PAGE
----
Advice needed on filters for Sony DSC-P50

Discussion in 'Digital Photography' started by Jonathan, Jul 28, 2004.

  1. Jonathan

    Jonathan Guest

    Hi there,

    I have a Sony DSC-P50 but have found that it picks up greens very
    brightly - will a polarising, UV, or ND filter help balance the
    colours out? I have read up a little on them, and all seem as though
    they could help. I plan on getting either a polarising or UV filter
    anyway, to
    see their effect for myself. (will UV help eliminate blueness from
    bright winter skies?)
    Does anyone know if I have to get a circular polarising filter or a
    linear one for the DSC-P50?

    I have read that normal-quality UV filters don't work half as well as
    top-quality ones - so would it actually be worth my while getting one
    (also since digital cameras are apparently less sensitive to UV light
    - does this include the DSC-P50?)

    Does the quality of a polarising filter make that much difference for
    digital photography?

    I am mainly just trying to eliminate my bright greens, and take
    outdoor pictures of land/sky without finding that I have horrendous
    exposure problems.

    I know that's a lot of questions, but any help would be greatly
    appreciated! Thanks!
    Jonathan, Jul 28, 2004
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  2. It should not. UV. polarizing and ND all should be color neutral. I
    guess it is possible that your camera just can't handle all the light it
    gets and that is causing the problem, but I doubt it.
    It seems that most digitals have sensors that are not UV sensitive as
    film is, or have built in UV filtration.
    Generally they work as well, but they are not as well made and may add
    flair problems.
    Just as much as in film photography. For critical work there is a
    difference. For many people, they will never see the difference.
    I suggest reposting your question and ask specifically about the green
    problem. It may be a known problem with that camera. How old is it. It
    may have a defect.
    Joseph Meehan, Jul 28, 2004
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  3. Jonathan

    Jeremy Nixon Guest

    Do you mean that the pictures have a green cast, or that your greens are
    brighter (or more saturated, etc) than you would like?

    UV and polarizing filters are supposed to be color-neutral, and of course a
    neutral density filter won't affect color at all. If your "bright" greens
    are due to excessive reflections off foliage, though, then a polarizer might
    be just what you're looking for.
    They work the same; the quality is about the quality of the glass, not of
    the polarizing effect. A lower-quality filter (of any kind, not just a
    polarizer) can introduce reflections, which will result in light loss,
    and light dispersion, which will reduce sharpness and contrast. Good
    filters are designed to minimize these things.
    Outdoor pictures of land/sky are a source of great exposure problems.
    That type of shot can be very tricky. That's why Ansel Adams got all
    the respect. :)

    Luckily, it's easier with digital than it ever was with film, so you're
    starting from a better place.
    Jeremy Nixon, Jul 28, 2004
  4. Jonathan

    Jonathan Guest

    Hi, and thanks for all your replies!
    Excuse me if I appear slightly ignorant of some major digital
    breakthrough here, but I'd have expected digital cameras to have
    multi-exposure capabilities by now, since they are not limited to a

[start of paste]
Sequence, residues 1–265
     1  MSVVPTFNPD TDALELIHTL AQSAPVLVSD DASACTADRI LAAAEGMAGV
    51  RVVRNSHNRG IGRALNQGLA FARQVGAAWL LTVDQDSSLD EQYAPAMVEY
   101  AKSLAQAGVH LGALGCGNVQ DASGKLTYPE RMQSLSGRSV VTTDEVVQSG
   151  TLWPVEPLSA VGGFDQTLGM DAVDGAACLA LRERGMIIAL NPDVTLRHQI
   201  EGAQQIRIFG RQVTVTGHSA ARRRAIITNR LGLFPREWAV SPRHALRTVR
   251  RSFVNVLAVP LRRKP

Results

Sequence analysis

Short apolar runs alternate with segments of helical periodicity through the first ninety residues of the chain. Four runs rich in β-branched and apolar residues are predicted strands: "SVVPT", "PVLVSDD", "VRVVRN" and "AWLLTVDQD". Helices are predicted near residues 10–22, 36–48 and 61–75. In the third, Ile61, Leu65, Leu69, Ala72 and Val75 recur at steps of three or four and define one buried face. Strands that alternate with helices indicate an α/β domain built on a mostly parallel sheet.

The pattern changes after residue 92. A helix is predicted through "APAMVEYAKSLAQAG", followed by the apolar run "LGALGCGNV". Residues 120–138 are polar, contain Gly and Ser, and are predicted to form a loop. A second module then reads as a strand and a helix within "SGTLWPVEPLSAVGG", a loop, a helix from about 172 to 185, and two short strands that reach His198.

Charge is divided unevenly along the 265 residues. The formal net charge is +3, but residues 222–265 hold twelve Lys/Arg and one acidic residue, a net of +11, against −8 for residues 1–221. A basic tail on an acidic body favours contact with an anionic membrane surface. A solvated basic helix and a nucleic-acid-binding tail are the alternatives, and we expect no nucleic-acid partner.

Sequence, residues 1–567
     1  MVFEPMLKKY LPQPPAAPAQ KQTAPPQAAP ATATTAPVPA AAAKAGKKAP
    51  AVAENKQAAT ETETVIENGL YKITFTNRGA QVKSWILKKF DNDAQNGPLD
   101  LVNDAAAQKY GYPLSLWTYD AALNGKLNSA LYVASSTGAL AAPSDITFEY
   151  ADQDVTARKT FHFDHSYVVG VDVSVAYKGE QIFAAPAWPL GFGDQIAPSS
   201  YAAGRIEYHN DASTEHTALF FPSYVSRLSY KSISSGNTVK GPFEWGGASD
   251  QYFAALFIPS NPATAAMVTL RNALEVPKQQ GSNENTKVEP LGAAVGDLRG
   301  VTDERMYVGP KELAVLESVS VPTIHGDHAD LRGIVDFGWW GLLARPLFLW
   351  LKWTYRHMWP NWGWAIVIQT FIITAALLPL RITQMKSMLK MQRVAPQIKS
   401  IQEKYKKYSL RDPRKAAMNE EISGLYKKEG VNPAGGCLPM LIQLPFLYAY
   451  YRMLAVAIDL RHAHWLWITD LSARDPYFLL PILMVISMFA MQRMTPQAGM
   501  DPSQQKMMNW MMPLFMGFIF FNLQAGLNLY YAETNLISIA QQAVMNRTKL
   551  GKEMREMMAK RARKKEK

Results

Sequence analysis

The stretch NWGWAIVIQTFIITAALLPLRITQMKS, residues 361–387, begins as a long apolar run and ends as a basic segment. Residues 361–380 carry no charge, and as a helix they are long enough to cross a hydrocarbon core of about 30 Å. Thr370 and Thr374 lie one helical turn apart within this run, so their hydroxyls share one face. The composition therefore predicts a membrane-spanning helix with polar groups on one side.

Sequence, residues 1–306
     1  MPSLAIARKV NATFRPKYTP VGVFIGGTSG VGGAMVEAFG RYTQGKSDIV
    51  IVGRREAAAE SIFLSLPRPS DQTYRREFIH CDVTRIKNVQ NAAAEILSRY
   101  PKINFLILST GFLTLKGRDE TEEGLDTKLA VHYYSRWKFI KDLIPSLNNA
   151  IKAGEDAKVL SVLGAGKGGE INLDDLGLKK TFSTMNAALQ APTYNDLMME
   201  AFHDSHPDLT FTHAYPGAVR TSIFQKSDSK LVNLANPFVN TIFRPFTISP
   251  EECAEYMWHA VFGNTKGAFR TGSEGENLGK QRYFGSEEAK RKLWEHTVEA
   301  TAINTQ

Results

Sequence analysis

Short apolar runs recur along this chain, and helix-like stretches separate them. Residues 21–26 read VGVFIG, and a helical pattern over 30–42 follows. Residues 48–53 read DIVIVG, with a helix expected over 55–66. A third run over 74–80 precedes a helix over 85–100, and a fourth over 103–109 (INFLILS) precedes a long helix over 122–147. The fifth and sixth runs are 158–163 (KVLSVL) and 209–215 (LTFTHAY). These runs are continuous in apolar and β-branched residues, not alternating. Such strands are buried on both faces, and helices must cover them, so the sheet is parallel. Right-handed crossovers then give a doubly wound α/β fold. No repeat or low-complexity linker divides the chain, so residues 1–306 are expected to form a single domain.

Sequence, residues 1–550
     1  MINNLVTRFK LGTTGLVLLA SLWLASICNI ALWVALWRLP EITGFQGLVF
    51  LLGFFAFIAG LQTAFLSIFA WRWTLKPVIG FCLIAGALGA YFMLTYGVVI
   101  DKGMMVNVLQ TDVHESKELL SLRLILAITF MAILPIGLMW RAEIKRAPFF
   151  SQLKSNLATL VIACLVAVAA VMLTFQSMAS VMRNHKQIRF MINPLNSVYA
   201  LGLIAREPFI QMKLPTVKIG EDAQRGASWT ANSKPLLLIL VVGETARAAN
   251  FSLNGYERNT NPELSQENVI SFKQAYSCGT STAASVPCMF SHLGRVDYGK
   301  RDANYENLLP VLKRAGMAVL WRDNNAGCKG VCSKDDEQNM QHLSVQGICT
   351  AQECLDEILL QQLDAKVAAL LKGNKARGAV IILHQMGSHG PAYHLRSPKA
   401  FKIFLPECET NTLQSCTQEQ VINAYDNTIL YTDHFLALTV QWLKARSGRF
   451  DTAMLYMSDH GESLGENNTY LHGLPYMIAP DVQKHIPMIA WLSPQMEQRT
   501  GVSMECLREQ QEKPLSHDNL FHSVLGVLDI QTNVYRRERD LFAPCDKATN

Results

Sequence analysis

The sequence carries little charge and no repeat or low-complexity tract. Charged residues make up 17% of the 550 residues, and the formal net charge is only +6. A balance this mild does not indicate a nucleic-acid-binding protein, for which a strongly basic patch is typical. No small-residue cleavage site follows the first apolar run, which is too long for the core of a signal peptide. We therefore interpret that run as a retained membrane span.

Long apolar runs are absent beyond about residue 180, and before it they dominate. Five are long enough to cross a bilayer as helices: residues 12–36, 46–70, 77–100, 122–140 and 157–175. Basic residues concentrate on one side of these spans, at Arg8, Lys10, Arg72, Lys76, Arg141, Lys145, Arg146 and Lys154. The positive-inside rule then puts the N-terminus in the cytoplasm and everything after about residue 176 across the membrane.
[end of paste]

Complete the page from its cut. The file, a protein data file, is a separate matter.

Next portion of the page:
one-time exposure like with film. Theoretically, it should be
    possible to take as many exposures as there are ccd elements, although
    I suppose the technology to do that quickly enough could be very
    expensive. Certainly if the camera was on a tripod, speed is less of
    an issue (we're talking minutes, as is required with film sometimes)

    Incidentally, I have produced a couple of traditional dark room prints
    from 35mm film which I consider to be as good, in composition at
    least, as Ansel Adams (one in Yosemite, another in Dolby Forest), but
    one has to appreciate that his work took a lifetime and many thousands
    of prints to get right! And he had some of the best landscapes on his
    doorstep, the git.
    Jonathan, Jul 30, 2004
  5. Some do have auto bracketing available. However I don't think the
    technology has yet reached the advancement that would allow it to be able to
    easily duplicate the exposure and processing control Adams used. Maybe some
    day. In some ways digital is easier to use than the film Adams used, and I
    expect that in time it will be possible to accomplish what Adams did with
    less effort than he did, but I don't think that time is here yet.
    Joseph Meehan, Jul 30, 2004
  6. Jonathan

    Jonathan Guest

    Just bright (over-saturated) greens in foliage and the green side of
    trees, although in recent experiments it doesn't always happen.

    I have also had some very blue lense flares from bright winter skies,
    I guess a filter may help here too.
    I think you may be right - as I understand it, a polarising filter
    cuts down reflected light which should reduce the effect of saturated
    green light from foliage. :D

    Jonathan, Jul 30, 2004
  7. A lens shade is likely to help a lot more. Filters may make it worse.
    Maybe maybe not. Worth a try. You can see the effect with any
    polarizing material. If you have a pair of polarizing sun glasses they may
    do for a test. Take them, or any polarizing filter and just hold it in
    front of your eye and rotate it 180ยบ and watch. If you see a reduced
    reflection then the filter will work on your camera, if not, it will do no
    Joseph Meehan, Jul 30, 2004
  8. B&W filters are both great and expensive.
    Joseph Meehan, Jul 31, 2004
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